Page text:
Donald Trump’s recent rhetoric about rigged elections and a constitutional crisis would fulfill the fantasies of some supporters, who’ve been stockpiling weapons and food as they look forward to what most people would consider a worst-case scenario.
Jim Moseley, a self-described “Christian soldier” from Greenville, South Carolina, is buying extra ammunition and canned goods to prepare for what he believes will be a second civil war, reported The (Toronto) Star.
“Once the trucks stop rolling, the grocery shelves will go empty and gasoline rationing will go into effect,” Moseley wrote in a Facebook message early this week.
The newspaper caught up with Moseley, a 59-year-old retired salesman, earlier this week to discuss Trump’s darkening campaign rhetoric.
It’s clear that, whatever words Trump is using to question the integrity of the election, Moseley and at least some other supporters are interpreting his message as the declaration of a war they’ve been itching to fight.
“Liberals will have targets on their backs, as their behaviors are pretty much evident,” Moseley posted. “Race wars will begin as well, as your skin color will be your uniform!”
It’s not clear, of course, whether any of these “lone-wolf patriots” will act out their violent fantasies — but election officials in some states aren’t taking any chances.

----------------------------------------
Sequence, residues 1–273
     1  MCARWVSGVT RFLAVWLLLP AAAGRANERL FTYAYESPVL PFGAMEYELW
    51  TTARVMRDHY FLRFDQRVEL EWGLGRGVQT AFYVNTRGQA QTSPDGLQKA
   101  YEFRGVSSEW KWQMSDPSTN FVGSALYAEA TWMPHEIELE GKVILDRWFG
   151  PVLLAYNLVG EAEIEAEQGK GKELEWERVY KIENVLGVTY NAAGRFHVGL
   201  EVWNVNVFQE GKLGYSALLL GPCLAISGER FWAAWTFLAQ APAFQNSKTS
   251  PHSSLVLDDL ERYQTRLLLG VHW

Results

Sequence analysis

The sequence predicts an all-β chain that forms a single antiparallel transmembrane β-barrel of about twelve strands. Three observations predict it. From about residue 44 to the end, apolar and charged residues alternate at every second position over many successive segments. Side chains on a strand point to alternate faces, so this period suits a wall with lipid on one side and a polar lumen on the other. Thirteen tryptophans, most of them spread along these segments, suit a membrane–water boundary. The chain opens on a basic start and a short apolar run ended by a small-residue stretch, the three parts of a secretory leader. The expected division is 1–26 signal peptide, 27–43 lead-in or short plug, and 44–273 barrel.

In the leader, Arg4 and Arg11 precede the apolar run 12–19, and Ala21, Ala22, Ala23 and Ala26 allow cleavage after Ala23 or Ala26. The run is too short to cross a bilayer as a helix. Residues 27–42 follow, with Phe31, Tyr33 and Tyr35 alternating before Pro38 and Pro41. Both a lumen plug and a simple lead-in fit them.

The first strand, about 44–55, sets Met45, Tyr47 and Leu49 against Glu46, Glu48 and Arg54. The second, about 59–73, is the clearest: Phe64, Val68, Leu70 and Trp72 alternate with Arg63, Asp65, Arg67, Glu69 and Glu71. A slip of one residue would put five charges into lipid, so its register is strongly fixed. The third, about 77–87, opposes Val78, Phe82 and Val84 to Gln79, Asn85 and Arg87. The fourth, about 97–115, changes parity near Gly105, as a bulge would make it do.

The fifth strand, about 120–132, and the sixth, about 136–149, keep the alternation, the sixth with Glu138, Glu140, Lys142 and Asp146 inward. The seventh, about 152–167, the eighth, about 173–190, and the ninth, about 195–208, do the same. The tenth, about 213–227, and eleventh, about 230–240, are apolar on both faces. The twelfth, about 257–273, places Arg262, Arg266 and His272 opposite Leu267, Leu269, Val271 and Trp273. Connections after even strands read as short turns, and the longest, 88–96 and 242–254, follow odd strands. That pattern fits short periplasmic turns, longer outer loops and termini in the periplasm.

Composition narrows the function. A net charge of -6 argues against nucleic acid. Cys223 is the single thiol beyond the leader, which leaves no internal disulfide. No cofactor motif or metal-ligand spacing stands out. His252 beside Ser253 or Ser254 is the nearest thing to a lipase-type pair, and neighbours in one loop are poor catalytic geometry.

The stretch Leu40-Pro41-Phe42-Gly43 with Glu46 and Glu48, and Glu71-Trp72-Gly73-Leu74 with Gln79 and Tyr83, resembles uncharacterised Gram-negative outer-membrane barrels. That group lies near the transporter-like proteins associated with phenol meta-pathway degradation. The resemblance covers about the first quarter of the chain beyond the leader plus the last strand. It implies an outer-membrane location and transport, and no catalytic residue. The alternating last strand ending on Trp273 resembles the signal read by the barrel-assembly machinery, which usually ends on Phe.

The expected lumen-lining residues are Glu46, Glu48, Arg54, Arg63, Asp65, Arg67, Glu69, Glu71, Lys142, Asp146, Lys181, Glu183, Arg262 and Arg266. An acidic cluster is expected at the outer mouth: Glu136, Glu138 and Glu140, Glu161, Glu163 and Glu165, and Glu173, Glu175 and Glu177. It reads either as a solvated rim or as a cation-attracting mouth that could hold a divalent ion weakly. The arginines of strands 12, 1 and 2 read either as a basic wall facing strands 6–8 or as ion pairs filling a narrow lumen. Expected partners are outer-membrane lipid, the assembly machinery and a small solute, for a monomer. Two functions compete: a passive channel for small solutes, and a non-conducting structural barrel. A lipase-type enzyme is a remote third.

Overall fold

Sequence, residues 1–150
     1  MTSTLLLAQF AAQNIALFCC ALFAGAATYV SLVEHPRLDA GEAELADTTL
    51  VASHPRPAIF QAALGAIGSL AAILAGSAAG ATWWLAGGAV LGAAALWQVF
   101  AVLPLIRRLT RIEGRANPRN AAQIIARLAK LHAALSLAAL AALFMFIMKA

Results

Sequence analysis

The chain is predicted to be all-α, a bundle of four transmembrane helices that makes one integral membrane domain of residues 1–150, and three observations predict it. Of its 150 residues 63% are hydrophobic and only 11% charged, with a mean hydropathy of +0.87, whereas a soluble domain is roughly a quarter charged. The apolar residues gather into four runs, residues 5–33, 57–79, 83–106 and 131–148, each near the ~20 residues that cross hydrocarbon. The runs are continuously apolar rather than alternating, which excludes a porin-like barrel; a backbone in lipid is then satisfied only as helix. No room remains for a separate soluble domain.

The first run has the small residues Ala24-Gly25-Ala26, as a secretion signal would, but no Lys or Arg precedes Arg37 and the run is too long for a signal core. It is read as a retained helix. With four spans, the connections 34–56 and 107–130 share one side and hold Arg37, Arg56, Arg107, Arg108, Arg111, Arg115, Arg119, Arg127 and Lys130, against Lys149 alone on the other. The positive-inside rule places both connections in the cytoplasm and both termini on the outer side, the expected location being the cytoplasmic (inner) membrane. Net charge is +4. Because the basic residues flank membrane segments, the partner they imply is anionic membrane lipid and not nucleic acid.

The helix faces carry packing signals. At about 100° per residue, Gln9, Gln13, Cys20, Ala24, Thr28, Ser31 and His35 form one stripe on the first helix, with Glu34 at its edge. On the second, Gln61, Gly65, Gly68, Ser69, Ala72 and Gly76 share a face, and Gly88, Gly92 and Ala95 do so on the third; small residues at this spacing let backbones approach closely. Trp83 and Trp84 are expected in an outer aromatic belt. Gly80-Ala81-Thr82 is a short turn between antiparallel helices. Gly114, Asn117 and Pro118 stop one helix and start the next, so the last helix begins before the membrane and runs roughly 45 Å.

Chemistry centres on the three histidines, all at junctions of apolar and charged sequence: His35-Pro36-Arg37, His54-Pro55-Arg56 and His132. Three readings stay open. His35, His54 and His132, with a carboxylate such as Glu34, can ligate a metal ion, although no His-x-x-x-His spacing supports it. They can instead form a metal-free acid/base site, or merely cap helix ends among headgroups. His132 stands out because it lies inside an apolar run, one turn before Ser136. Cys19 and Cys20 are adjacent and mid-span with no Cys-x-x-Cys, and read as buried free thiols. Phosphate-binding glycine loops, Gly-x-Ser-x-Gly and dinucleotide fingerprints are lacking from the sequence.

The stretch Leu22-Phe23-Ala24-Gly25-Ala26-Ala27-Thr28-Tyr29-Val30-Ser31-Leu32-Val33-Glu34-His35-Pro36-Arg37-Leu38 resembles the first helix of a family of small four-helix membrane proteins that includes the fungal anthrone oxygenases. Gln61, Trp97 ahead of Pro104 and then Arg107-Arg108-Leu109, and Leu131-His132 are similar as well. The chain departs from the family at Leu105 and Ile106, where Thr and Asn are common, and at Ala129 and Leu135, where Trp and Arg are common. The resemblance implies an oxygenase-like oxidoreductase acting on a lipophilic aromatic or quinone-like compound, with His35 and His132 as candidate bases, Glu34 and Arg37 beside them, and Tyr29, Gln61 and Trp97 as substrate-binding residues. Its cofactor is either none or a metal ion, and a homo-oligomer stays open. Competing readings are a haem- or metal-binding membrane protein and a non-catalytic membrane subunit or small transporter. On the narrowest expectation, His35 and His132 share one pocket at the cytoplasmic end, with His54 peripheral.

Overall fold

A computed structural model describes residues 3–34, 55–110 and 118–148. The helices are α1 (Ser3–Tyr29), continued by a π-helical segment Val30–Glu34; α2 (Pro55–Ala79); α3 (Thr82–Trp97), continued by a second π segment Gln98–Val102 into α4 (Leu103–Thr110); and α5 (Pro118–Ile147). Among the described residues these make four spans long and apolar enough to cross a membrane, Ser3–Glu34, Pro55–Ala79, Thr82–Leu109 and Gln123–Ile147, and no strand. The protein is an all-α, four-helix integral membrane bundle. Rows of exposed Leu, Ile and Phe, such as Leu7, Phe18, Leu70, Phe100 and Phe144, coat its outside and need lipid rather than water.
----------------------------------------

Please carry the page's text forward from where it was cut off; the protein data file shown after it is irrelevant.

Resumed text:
Denver is requiring its 350 election judges to complete active shooter training ahead of the Nov. 8 election, just in case.
A Republican campaign office in North Carolina was firebombed over the weekend in a still-unsolved attack, and a Democratic campaign office in the same county was targeted by vandals on the same day.
Right-wing militias, which have grown dramatically during the presidency of Barack Obama and the concurrent popularity of social media, are using the prospect of a Clinton election win to recruit new members.
Three militia members in Kansas were arrested last week in a plot to bomb an apartment building where Muslim refugees — including dozens of children — live on Nov. 9, both the anniversary of Kristallnacht and the day after Election Day.
The would-be bombers planned their plot for that day, investigators said, because they didn’t want their violent action to interfere with the election.
Investigators said they weren’t sure which candidates the suspects backed, but one of them suggested on social media that anyone who voted for Clinton should be tried for treason.
The DOJ said they weren't sure which candidate they were protecting by timing the terrorism post-election, but it's pretty obvious. pic.twitter.com/JXTMtfbCjU
— JJ MacNab (@jjmacnab) October 14, 2016